The Make it Monday Challenge at Simon Says Stamp is to use some lucky stars.
I decided to try out my new and precious Daniel Smith watercolours on this card. I think the result looks good and certainly meets the theme criteria.
Supplies: Stampin Up Life is Beautiful stamp set, Simon Says Stamp Birthday Balloons stamp set, Hero Arts CL582 stamp set, Daniel Smith watercolours, Stampendous embossing powder, Brillance Moonlight White ink, Zig Real Brush markers, recollections card stock, Scor tape, Tim Holtz Distrees watercolour paper.
The Monday Challenge this week is to leap into the unknown. Since I just got Tim Holtz Distress Crayons in the mail, it seemed like an invitation to try them.
The crayons are super creamy which I loved, but they weren’t well suited to my small detail stamp set because of their snub nose. Now they worked perfectly when I just put the pigment on the craft sheet and then used the colour with a water brush, but goodness knows I already have several watercolour mediums that do that well.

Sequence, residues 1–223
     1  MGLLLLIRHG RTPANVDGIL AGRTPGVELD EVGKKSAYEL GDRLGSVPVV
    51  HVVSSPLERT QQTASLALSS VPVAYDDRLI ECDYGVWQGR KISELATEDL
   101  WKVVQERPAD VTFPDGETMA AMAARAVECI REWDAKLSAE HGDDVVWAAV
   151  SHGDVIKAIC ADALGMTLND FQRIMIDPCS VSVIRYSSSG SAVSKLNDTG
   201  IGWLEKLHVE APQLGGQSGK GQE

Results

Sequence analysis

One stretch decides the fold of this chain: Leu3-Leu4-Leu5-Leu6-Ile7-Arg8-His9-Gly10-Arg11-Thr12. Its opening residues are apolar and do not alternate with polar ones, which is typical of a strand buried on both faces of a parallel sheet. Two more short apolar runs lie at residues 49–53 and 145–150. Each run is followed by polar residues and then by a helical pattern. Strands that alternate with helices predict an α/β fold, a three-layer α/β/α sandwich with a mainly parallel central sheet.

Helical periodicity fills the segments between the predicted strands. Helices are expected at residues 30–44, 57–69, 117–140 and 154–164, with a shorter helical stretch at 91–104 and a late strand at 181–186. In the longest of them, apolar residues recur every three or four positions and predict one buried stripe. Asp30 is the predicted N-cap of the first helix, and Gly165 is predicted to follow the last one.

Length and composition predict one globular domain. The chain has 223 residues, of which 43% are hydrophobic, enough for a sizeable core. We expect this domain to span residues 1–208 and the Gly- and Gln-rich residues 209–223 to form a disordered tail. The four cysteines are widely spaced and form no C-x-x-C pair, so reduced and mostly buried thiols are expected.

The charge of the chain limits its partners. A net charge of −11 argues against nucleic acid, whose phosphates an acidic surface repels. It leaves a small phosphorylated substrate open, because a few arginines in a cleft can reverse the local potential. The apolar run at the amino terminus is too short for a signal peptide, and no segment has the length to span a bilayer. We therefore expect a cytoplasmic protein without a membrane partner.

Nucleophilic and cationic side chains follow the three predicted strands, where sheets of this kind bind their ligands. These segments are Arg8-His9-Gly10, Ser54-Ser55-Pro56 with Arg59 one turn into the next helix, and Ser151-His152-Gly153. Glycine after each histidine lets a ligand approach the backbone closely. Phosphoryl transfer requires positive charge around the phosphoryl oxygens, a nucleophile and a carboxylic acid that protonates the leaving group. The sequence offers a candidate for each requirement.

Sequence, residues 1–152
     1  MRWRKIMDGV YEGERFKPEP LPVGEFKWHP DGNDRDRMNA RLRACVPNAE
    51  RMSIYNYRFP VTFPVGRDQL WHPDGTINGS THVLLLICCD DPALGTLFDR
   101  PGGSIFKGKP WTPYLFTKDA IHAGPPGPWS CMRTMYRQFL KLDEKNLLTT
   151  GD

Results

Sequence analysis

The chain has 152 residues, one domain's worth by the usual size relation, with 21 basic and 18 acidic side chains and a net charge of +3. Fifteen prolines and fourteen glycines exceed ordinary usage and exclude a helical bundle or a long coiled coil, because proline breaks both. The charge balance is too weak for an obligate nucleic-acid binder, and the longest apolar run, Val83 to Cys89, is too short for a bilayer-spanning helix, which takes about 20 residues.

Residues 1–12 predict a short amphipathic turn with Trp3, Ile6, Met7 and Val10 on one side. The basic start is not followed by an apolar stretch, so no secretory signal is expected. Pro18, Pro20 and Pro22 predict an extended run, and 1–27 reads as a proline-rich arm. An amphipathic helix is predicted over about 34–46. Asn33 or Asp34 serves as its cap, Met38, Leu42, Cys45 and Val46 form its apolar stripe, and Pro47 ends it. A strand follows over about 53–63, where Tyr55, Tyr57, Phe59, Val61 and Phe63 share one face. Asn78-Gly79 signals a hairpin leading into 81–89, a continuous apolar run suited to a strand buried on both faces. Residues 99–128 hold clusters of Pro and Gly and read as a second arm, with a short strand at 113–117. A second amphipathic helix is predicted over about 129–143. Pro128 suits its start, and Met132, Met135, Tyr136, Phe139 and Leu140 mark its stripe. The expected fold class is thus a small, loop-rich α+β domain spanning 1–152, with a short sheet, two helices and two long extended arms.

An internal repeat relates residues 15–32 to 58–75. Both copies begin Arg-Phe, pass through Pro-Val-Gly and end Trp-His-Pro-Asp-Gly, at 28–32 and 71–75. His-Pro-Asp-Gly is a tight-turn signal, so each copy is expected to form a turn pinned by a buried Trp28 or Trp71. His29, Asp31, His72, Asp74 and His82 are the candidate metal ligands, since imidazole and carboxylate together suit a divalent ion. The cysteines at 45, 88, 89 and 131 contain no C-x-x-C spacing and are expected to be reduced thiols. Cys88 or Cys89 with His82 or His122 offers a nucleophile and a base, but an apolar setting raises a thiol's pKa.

I liked the brillant colours that resulted on the card but do feel that the crayons full potential would be better utilized on a different type of project. I am thinking that I would like to test out the crayons on the background to a scrapbook layout. I am not enamoured with mixed media that much, so I need to find an alternative for which the crayons can become my “go to” product. I didn’t bring any stencils to Arizona so I think I will make a couple using my cutter and try the crayons with that.
Here is the fun Easter card I made.
Supplies: Tim Holtz Distress Crayons, Bo Bunny Eggcellent Stamp, Carta Bella Spring patterned paper, Papertrey Ink Wet Paint die, Ranger black and white enamel accents, Taylored Expressions If Dogs Could Talk stamp set (to add faces to the eggs)Stickles, Crackerjack Palace eyes, Simon Says stamp card base, Scor tape, Xyron adhesive